Reality TV: Can the Popularity Remain?

by at . Comments

If you thought reality programming already had taken over TV, there's even more in store.

An article in USA Today talks about the combination of earlier success, cost pressures and the threat of strikes by Hollywood writers and actors as having sparked the biggest appetite yet among networks for new "unscripted" series.

But will viewers remain hungry?

Reality TV ABC has nine reality shows due this summer, starting with Bingo Night in America May 18. CBS is filming five game-show pilots this month, part of its busiest reality push yet, and Pirate Master from Survivor producer Mark Burnett is due May 31.

CW's limited success rests largely with series such as America's Next Top Model, so look for Crowned, a mother-daughter beauty pageant. NBC plans series about former Spice Girl Victoria Beckham and another in which teenage couples care for borrowed babies.

Grey's Anatomy notwithstanding, recent history shows reality series have better odds than sitcoms or dramas of becoming breakout hits, and they appeal to families and young adults, who command higher ad rates.

"Some of the biggest game-changers tend to be on the alternative side," says Ghen Maynard, reality chief at CBS and CW.

"Reality programming is doing so well at the networks," says Carolyn Finger, vice president at TV Tracker, which monitors trends. "The No. 1 and No. 2 shows this season are American Idol and Dancing With the Stars," while struggling NBC's top show is Deal or No Deal. "It's just simple economics."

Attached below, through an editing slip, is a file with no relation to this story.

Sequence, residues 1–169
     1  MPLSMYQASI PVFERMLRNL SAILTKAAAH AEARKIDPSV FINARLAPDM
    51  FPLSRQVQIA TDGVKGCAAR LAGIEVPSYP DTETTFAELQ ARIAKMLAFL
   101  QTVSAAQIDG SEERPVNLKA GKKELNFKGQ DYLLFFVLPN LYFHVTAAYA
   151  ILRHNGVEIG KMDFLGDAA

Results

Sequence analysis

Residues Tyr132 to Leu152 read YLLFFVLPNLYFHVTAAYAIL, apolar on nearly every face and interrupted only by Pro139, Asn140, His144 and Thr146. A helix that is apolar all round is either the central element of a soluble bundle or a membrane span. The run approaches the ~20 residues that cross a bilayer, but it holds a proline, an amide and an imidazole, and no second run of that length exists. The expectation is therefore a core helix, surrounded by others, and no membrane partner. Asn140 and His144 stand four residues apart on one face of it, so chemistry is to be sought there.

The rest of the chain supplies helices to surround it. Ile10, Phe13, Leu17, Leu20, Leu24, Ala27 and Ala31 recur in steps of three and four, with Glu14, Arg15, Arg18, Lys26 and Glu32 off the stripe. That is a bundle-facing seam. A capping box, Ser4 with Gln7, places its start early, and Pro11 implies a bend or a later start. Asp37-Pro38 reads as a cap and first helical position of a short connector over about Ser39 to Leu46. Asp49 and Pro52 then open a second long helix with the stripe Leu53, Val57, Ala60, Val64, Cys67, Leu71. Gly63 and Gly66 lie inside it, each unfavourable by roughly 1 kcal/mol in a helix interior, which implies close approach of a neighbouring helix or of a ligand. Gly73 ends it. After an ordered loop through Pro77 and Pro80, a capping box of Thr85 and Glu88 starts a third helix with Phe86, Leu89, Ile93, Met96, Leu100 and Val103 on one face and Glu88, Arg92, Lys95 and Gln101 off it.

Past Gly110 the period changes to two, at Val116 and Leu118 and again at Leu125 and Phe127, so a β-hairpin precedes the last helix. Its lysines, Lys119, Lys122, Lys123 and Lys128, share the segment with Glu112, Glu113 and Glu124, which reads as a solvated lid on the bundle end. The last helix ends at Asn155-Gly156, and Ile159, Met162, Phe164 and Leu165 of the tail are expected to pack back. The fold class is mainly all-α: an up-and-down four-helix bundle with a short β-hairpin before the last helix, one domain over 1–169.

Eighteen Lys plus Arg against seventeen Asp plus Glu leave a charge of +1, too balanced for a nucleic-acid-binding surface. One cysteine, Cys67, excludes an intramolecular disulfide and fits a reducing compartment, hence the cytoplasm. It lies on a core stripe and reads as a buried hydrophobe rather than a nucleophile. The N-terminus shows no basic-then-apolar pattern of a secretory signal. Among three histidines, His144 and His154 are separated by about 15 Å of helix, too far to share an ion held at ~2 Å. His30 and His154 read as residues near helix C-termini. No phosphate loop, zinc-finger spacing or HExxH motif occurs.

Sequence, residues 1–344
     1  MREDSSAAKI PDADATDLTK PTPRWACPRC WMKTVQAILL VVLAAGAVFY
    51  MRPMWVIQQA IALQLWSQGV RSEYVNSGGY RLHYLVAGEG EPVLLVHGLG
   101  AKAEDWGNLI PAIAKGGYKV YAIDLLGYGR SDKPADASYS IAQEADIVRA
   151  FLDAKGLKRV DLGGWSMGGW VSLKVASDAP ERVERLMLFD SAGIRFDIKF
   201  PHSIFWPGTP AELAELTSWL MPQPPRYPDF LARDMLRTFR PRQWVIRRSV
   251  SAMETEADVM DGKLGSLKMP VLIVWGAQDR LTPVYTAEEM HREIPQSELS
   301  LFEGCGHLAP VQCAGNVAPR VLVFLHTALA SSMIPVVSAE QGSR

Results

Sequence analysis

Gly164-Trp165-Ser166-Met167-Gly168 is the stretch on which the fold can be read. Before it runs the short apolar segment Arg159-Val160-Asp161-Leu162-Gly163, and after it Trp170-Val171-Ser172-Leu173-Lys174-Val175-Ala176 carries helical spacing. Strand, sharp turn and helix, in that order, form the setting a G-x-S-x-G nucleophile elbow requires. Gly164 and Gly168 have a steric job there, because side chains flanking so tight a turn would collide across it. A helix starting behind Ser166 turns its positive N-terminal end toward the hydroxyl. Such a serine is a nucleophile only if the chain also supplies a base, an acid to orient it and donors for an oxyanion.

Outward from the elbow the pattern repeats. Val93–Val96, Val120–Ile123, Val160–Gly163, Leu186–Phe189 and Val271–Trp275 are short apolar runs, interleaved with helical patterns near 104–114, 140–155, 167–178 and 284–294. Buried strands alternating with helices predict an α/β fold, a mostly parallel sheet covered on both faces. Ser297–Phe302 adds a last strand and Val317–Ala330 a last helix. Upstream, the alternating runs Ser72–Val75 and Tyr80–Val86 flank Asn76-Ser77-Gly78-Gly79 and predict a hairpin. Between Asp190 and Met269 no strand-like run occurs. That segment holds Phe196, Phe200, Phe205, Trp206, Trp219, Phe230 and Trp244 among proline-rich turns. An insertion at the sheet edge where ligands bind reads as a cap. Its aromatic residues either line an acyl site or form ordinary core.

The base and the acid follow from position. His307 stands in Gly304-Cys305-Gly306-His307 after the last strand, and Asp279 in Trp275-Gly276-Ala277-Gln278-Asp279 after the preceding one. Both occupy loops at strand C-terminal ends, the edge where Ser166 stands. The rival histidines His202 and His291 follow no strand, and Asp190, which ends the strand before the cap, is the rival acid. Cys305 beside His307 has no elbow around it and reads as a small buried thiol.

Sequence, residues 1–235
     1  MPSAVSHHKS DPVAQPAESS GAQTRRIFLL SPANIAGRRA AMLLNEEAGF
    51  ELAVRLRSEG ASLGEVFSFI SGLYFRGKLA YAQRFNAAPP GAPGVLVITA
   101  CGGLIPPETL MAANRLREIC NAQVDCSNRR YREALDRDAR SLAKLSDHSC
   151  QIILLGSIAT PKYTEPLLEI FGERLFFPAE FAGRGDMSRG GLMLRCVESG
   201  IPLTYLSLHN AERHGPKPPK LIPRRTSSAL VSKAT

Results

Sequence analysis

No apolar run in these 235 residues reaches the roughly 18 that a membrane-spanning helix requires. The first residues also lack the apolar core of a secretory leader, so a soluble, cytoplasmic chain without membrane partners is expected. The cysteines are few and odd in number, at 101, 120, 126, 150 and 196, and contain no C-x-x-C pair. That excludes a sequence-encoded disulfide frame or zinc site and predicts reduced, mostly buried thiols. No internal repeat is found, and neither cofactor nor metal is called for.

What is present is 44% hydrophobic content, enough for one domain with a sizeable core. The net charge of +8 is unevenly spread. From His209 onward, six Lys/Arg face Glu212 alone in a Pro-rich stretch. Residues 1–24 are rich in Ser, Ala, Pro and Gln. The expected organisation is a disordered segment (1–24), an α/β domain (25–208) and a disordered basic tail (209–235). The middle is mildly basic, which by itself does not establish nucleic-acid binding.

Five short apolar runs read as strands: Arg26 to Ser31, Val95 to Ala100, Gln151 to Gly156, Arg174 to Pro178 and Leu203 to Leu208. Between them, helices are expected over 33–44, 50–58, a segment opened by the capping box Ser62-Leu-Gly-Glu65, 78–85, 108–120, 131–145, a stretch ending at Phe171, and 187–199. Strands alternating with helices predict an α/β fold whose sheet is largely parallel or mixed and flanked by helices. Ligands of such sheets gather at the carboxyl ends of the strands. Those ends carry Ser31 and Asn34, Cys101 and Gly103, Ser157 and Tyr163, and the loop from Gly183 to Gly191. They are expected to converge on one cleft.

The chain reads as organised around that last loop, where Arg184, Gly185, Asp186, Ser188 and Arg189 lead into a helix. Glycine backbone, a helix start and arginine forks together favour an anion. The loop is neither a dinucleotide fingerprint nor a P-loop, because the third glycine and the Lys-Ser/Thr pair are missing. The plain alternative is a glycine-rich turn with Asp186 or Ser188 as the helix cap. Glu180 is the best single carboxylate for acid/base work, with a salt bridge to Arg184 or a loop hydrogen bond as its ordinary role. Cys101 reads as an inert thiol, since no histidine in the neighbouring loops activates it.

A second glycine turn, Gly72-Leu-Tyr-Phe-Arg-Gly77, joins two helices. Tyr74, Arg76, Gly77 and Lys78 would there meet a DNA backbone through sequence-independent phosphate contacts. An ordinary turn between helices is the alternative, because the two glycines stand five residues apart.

TV Tracker says 56 network reality series will air this season, up from 51 last year, and pilot orders are up 50%. Entire cable networks, including MTV and Bravo, build their original lineups exclusively with the genre. "We're looking for shows that can be expanded that night if need be or the next day with a results show," NBC's Craig Plestis says.

Games are the flavor of the moment, thanks to the success of Deal and the low upfront cost. Though they tend to burn out more quickly, even with lower ratings they remain enormously profitable. "Other than clip shows, it's pretty much the least expensive thing you can do," Fox reality chief Mike Darnell says.

But overall, networks seem more willing to make reality a permanent fixture.

"In the past, a lot of reality shows have been fillers or replacements" for failed series or summer months, Darnell says. "Now they're such a staple, networks are saying, 'This is part of our schedule now, so we might as well plan three or four each season because we're going to have them, anyway.' "

Matt Richenthal is the Editor in Chief of TV Fanatic. Follow him on Twitter and on Google+.

Tags:
Like Us On Facebook

Want more Reality TV?

Sign up for our daily newsletter and receive the latest tv news delivered to your inbox for free!

More From TV Fanatic

Tamra-and-vicki

The Real Housewives of Orange County Review: Pity Party, Table For One

Heather and Tamra consider making peace with Shannon on The Real Housewives of Orange County. See what went down in our TV Fanatic review!
Andi-dorfman-on-the-finale

The Bachelorette Review: Who did Andi Choose?

Andi Dorfman chooses between Nick Viall and Josh Murray. Find out who she chose now on our The Bachelorette review!
Food-network-star-reaction

Food Network Star Review: Problem Solving

Who was able to successfully problem solve on The Rachael Ray Show this week? Find out now in our review of Food Network Star.
Milania-and-co

The Real Housewives of New Jersey Review: We Don't Like to Gossip But...

What took place on The Real Housewives of New Jersey Review this week? Read our rundown to find out!